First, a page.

That spring cleaning your clients put off until the summer is a good opportunity to sort through belongings that are cluttering up their basement or garage and to consider the tax benefits of charitable donations of this property.
Instead of putting items in good condition out with the trash, they should consider donating them to a qualified charitable organization. If they itemize their deductions for 2018, these contributions can reduce their annual tax bill without costing anything extra other than a little sweat and toil.
The new Tax Cuts and Jobs Act (TCJA) reduces or eliminates certain itemized deductions while effectively doubling the standard deduction to $12,000 for single filers and $24,000 for joint filers. So, some taxpayers who itemized in the past will be claiming the standard deduction for the first time in a long time in 2018. This change is expected to discourage gifts of property to charity, but it remains to be seen.
At least, if you expect to itemize deductions this year – for instance, due to a substantial mortgage interest deduction – the TCJA doesn’t touch the tax break for charitable donations of property. As before, your deductions can’t exceed 30 percent of your adjusted gross income (AGI), but any excess above the 30 percent-of-AGI mark is carried forward for up to five years.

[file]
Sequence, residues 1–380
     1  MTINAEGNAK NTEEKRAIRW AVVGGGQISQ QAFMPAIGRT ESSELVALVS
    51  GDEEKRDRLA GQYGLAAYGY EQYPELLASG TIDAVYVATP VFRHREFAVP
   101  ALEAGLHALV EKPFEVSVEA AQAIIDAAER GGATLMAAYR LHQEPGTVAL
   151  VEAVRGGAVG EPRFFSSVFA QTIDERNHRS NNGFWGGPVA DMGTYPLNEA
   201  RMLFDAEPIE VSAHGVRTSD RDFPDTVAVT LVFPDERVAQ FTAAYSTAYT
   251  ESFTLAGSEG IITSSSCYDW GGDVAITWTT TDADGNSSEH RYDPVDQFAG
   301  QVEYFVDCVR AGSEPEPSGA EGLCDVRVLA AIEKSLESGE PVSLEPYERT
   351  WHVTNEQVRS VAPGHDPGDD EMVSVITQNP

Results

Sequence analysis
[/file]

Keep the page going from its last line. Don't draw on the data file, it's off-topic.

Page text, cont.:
How much can you deduct? Generally, the deduction amount for used property is based on the property’s fair market value (FMV) at the time of the contribution. Don’t expect to get a windfall for clothing that has been worn or household goods showing a little wear and tear.
For example, if you paid $250 for a suit five years ago, you can’t claim a $200 deduction. The value is probably closer to $50. Be aware that the IRS may dispute valuations that it thinks are inflated.
The best approach is to rely a valuation guide provided by a qualified charitable organization. Two popular guides are the ones for Salvation Army at and the one for Goodwill.
Finally, for donations of high-priced property that is in mint condition, you might take a more aggressive stance than simply using the figures stated in an online guide. Of course, if property worth more than $5,000, like a family heirloom or other collectible, they should have it appraised by an independent professional.
Ken Berry, Esq., is a nationally known writer and editor specializing in tax, financial, and legal matters. During his long career, he has served as managing editor of a publisher of content-based marketing tools and vice president of an online continuing education company. As a freelance writer, Ken has authored thousands of articles for a...